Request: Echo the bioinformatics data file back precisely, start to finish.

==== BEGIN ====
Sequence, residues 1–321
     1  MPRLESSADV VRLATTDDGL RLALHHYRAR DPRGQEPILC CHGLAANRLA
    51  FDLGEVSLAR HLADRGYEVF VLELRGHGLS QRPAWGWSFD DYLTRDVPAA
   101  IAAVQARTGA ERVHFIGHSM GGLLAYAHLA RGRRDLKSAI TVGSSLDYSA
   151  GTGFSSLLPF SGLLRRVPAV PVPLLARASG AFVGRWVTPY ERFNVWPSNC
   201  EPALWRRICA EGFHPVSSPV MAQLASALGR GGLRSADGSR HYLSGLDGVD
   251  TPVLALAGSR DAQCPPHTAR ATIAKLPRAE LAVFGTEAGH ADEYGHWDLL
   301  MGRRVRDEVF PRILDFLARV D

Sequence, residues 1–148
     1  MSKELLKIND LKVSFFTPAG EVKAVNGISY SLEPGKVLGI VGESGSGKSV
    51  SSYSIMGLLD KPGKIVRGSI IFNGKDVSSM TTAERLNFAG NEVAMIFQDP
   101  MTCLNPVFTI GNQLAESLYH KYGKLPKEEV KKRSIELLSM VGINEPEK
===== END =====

Sequence, residues 1–321
     1  MPRLESSADV VRLATTDDGL RLALHHYRAR DPRGQEPILC CHGLAANRLA
    51  FDLGEVSLAR HLADRGYEVF VLELRGHGLS QRPAWGWSFD DYLTRDVPAA
   101  IAAVQARTGA ERVHFIGHSM GGLLAYAHLA RGRRDLKSAI TVGSSLDYSA
   151  GTGFSSLLPF SGLLRRVPAV PVPLLARASG AFVGRWVTPY ERFNVWPSNC
   201  EPALWRRICA EGFHPVSSPV MAQLASALGR GGLRSADGSR HYLSGLDGVD
   251  TPVLALAGSR DAQCPPHTAR ATIAKLPRAE LAVFGTEAGH ADEYGHWDLL
   301  MGRRVRDEVF PRILDFLARV D

Sequence, residues 1–148
     1  MSKELLKIND LKVSFFTPAG EVKAVNGISY SLEPGKVLGI VGESGSGKSV
    51  SSYSIMGLLD KPGKIVRGSI IFNGKDVSSM TTAERLNFAG NEVAMIFQDP
   101  MTCLNPVFTI GNQLAESLYH KYGKLPKEEV KKRSIELLSM VGINEPEK